From 1 week to several weeks, although in some sectors, such as the service and the hotel/ restaurant sector, the procedure can be much shorter.

Preparing for the interview

An interview normally takes about 90 minutes. You may be invited back for a second round. If you are prevented from attending the inter¬view, you must inform the employer as soon as you can and ask if it is possible to make a new appointment.

Dress-code tips

There is no need to dress too formally for most jobs, but be sure you are clean and tidy. It is no longer usual to wear a tie. Good trousers and a jacket are always acceptable - for both men and women.

Who will be there?

One or two people, and often a representative from the trade union.

Do we shake hands?

Yes, definitely. This is usual practice.

Is there a typical interview structure?

Usually you are asked to start the interview by introducing yourself (be brief); next you tell the employer why you have applied for the job and what you know about the company. Be relaxed but attentive.

Common questions include: Do you find it easy to learn new things? How do you react to crit­icism? Are you a problem-solver? How do you tackle a problem? What are you proud of? Can you tell me something really good that you have done? What do you expect to be doing in 5 years' time? What do you think a good colleague should be like? Describe a situa­tion where you made a mistake and what you learnt from it. How would your friends describe you? How would your manager describe you? How do you function in a group? What are your strong and weak points? How do you handle stressful situations? Why should we employ you?

During the first interview you can ask what an ordinary working day is like, when you will hear the result of the interview, when the job starts, if there is an introductory programme, etc. Do not talk about pay at the beginning of the application procedure. Wait until the employer raises the subject.

When is a question out of bounds?

There are anti-discrimination laws (on gender, religion, ethnicity, disability). You can decide if you want to answer these types of questions during an interview. Questions that are not relevant for the job (your age, whether you have any children, your origin) are private.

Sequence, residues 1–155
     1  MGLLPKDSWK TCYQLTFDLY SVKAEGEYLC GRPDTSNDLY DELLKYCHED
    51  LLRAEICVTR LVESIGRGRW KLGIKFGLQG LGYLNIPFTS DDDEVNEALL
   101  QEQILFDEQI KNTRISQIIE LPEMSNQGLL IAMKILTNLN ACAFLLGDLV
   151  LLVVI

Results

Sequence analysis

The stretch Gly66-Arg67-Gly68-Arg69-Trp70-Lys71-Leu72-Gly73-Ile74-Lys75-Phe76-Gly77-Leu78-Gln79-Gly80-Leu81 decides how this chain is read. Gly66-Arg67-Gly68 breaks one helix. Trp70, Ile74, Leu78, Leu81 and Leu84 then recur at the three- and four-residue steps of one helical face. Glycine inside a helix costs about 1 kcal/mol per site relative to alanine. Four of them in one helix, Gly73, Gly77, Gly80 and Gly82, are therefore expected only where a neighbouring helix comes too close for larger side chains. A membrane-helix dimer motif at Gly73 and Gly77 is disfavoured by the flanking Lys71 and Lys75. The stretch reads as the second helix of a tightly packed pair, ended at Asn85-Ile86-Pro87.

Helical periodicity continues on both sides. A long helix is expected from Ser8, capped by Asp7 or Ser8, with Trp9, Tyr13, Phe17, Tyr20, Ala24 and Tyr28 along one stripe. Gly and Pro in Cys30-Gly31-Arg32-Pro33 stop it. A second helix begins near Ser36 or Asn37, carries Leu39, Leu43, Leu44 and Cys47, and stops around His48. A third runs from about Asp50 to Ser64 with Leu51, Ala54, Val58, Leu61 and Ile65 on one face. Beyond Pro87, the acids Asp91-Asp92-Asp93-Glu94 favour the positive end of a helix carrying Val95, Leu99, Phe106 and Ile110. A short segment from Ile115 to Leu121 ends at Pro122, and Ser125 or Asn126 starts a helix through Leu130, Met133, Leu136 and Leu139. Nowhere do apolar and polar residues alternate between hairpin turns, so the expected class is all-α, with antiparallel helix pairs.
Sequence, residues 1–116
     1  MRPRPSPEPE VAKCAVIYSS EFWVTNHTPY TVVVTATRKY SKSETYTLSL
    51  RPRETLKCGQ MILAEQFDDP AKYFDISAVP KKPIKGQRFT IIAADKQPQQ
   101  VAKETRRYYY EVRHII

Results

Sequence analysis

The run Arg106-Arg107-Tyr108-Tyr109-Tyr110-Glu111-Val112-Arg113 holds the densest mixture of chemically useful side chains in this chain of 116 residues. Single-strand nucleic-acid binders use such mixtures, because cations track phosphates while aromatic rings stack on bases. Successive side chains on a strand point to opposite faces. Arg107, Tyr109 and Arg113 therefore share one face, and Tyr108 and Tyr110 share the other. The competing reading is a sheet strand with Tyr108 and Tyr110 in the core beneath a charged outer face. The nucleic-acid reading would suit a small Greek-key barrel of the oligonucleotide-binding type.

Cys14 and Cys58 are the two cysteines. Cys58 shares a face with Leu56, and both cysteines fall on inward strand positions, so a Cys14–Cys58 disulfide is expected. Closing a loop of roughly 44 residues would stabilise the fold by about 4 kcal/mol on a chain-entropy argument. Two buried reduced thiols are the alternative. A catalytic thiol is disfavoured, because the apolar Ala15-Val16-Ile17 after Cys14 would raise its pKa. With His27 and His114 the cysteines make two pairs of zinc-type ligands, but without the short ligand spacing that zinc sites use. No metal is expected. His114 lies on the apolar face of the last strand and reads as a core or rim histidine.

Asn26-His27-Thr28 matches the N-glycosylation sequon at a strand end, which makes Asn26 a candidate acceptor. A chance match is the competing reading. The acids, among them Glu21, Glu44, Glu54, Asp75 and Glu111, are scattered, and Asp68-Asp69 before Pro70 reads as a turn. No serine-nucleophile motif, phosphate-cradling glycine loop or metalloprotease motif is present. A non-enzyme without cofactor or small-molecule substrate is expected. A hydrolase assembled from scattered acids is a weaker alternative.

Negotiating your pay and benefits

The more qualified the role, the more leeway there is to negotiate the salary. Most employ­ment conditions in Sweden are regulated by collective agreements, with the result that there is little room for individual negotiations, at least for lower skilled jobs.

Pay on a monthly basis is the most common. For management positions there may be scope to negotiate non-statutory benefits; these would be discussed with the HR department.

For jobs in government and with children, proof of good conduct is required. This will be stated in the ad or the employer will inform you.

Is a trial period likely?

You may be asked to do a 1-day work trial, but you have the right to be paid for this.

How long is the standard probationary period?

The standard probationary period is 6 months.

Will the employer cover my costs for attending an interview?

No, this is not usual, but if you are highly specialised it might be possible.

When will I hear the result?

If you haven’t heard anything within 2 weeks, you should contact the recruiter and ask when you can expect feedback.

Getting feedback and further follow-up

It is always possible to contact the employer after the interview and ask about the next step in the application process. If you did not get the job, you can ask for the reason.

How early should I arrive for the interview?

Be on time. Five minutes early is always OK. You should never be late for an interview in Sweden.

last modification: 2014-09-04